What do sea shells have to do with the price of rice?
A lot in Sierra Leone, where farming business AgriCapital, which has started growing the grain.
"The trouble was that the land was too acidic. It is an issue for much of Africa, which sits on granite, making the soil acidic," Robert McKendrick, a former geologist, and the company's founder and chairman said.
"But there was no way we could financially justify shipping in limestone."
The solution was to turn to sea shells instead, which does the same job. The group set up a plant in Freetown, the Sierra Leone capital, from where it transports crushed shells to apply to the 3,000-acres it is clearing to grow double-cropped rice and ground nuts on.
"The PH is now neutral," Mr McKendrick told Agrimoney.com.
The group in April planted its first 300 acres of rice in April, with harvest set to start next month. And it is expecting a yield of more than 2 tonnes per hectare, more than twice the level African farmers typically achieve.
And as for the price, the group's efforts should actually bring the price down in Sierra Leone, a net importer of rice, by undercutting supplies bought from countries such as Pakistan, which sell at about £450 a tonne – and rising.
"We simply aim to grow it, bag it, put it on the shelf. That will bring the rice price down, which will help Sierra Leone, but still see us making a profit."
And potentially more so, if the double cropping with ground nuts, which Sierra Leoneans mix with cassava in a stew, works too.
"This puts nitrogen into the soil. It's a perfect match," Mr McKendrick said
"It seems to be working like a dream."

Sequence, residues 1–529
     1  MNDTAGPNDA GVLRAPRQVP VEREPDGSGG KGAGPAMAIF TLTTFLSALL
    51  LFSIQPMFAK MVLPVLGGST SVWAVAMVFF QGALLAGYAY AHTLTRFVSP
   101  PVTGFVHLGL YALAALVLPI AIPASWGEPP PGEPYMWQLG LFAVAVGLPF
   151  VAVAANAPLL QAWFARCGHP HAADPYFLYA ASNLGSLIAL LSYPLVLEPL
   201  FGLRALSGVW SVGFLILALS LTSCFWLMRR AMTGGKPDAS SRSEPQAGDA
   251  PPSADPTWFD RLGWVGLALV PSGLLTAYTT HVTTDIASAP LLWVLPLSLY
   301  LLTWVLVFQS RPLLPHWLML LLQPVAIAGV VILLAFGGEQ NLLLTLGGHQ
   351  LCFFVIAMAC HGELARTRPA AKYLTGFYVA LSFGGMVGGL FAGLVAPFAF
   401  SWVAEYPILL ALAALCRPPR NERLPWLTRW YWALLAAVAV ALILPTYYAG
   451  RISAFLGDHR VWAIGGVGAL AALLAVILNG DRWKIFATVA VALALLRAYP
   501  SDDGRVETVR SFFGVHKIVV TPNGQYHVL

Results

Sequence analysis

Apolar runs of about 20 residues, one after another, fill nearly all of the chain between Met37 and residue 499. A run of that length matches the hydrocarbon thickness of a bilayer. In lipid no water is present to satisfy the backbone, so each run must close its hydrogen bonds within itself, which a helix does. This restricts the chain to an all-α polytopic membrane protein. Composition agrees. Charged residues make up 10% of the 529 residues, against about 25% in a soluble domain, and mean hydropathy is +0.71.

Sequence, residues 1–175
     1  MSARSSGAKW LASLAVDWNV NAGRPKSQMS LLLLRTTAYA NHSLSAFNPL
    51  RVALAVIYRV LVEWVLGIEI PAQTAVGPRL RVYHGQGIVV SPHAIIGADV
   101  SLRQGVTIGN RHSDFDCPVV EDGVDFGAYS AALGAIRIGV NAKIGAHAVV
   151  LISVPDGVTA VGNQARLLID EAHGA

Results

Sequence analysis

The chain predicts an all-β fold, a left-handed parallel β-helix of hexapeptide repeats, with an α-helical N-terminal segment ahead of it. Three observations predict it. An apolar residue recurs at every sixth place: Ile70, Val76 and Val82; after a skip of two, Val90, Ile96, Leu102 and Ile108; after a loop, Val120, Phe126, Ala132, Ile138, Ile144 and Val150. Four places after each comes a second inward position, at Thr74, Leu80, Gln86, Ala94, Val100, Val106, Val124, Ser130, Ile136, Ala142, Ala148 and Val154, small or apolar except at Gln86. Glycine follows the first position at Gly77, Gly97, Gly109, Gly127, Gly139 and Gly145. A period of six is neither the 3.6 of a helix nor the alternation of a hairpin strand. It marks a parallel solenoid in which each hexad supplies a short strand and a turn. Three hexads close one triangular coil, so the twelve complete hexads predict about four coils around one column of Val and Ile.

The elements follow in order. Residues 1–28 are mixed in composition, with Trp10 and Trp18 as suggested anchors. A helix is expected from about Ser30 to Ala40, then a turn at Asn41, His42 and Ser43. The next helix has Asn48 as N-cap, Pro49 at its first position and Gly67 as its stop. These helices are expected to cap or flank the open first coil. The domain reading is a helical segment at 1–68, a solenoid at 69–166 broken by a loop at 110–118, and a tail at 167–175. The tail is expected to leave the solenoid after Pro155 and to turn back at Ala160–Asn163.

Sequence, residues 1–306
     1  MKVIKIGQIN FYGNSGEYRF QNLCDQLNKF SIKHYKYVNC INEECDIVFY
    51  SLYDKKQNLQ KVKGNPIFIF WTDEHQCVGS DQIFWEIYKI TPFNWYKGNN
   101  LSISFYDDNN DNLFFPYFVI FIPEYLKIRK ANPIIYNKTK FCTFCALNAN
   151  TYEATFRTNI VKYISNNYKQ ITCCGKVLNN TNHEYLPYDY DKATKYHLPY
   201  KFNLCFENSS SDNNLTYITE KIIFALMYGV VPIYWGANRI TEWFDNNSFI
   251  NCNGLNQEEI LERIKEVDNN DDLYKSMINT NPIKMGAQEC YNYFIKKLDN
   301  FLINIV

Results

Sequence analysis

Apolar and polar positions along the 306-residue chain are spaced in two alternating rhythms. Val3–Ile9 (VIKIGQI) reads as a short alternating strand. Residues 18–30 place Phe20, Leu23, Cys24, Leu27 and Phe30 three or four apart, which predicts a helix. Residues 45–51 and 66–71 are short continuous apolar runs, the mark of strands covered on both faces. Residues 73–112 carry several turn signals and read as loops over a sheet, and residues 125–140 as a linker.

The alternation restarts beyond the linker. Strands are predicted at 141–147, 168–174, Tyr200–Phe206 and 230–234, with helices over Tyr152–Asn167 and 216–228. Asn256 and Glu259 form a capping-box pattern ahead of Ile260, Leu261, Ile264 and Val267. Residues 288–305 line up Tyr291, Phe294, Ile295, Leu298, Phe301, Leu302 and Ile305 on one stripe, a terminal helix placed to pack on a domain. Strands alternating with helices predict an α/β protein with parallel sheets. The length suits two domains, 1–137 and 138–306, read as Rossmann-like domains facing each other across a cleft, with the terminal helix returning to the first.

So much so, that Mr McKendrick, who came to West Africa some five years ago to seek oil deposits, believes he may have struck rich returns with rice instead.
The group, which started initially with some 700 private investors, and targeting returns of 175% over five years from capital uplift in the value of the land besides income from produce, is considering a capital raise to expand massively its land holdings.
Mr McKendrick has taken options on 30,000 acres of land in Liberia, also a rice importer, besides a further 20,000 acres in Sierra Leone, with the aim of raising the money to develop the sites through a listing on London's Aim market.
"It will end up being a very substantial company, with turnover of more than £50m a year," he said.
"It will probably be among the biggest farming companies in West Africa growing food crops."
There are far bigger concerns in West African agribusiness, of course, such as Sime Darby, which is considering an investment of nearly $2bn in Cameroon plantations, after setting up in Liberia, while Wilmar has bought plantations in Ghana, and Olam International invested in Gabon.
And that's before getting to the array of giants big in Ivory Coast and Ghana cocoa.
But as for a recipe of double-cropping rice and ground nuts for local consumption, with a bit of help from sea shells, that seems to be a niche AgriCapital has all to itself.